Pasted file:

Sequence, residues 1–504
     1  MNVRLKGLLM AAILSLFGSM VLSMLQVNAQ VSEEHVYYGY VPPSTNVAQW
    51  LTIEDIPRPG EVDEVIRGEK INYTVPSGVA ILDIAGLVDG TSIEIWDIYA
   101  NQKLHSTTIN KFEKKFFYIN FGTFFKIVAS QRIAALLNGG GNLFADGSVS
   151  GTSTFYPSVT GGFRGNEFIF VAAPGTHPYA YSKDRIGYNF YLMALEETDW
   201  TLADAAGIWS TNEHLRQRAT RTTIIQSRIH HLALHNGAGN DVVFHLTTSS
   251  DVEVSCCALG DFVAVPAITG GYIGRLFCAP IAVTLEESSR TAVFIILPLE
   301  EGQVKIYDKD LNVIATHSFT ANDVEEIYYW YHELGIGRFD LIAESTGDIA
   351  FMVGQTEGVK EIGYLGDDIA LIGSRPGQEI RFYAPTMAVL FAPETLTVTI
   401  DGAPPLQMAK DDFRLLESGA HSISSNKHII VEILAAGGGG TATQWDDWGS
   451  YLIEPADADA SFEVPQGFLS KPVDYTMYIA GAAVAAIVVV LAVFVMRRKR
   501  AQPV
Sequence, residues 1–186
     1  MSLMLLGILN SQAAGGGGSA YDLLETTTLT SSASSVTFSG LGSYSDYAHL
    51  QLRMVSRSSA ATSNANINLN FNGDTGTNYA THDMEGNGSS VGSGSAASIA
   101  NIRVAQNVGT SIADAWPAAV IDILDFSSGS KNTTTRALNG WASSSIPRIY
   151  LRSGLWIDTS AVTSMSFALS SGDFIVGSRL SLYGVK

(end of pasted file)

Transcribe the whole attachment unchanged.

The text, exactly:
Sequence, residues 1–504
     1  MNVRLKGLLM AAILSLFGSM VLSMLQVNAQ VSEEHVYYGY VPPSTNVAQW
    51  LTIEDIPRPG EVDEVIRGEK INYTVPSGVA ILDIAGLVDG TSIEIWDIYA
   101  NQKLHSTTIN KFEKKFFYIN FGTFFKIVAS QRIAALLNGG GNLFADGSVS
   151  GTSTFYPSVT GGFRGNEFIF VAAPGTHPYA YSKDRIGYNF YLMALEETDW
   201  TLADAAGIWS TNEHLRQRAT RTTIIQSRIH HLALHNGAGN DVVFHLTTSS
   251  DVEVSCCALG DFVAVPAITG GYIGRLFCAP IAVTLEESSR TAVFIILPLE
   301  EGQVKIYDKD LNVIATHSFT ANDVEEIYYW YHELGIGRFD LIAESTGDIA
   351  FMVGQTEGVK EIGYLGDDIA LIGSRPGQEI RFYAPTMAVL FAPETLTVTI
   401  DGAPPLQMAK DDFRLLESGA HSISSNKHII VEILAAGGGG TATQWDDWGS
   451  YLIEPADADA SFEVPQGFLS KPVDYTMYIA GAAVAAIVVV LAVFVMRRKR
   501  AQPV
Sequence, residues 1–186
     1  MSLMLLGILN SQAAGGGGSA YDLLETTTLT SSASSVTFSG LGSYSDYAHL
    51  QLRMVSRSSA ATSNANINLN FNGDTGTNYA THDMEGNGSS VGSGSAASIA
   101  NIRVAQNVGT SIADAWPAAV IDILDFSSGS KNTTTRALNG WASSSIPRIY
   151  LRSGLWIDTS AVTSMSFALS SGDFIVGSRL SLYGVK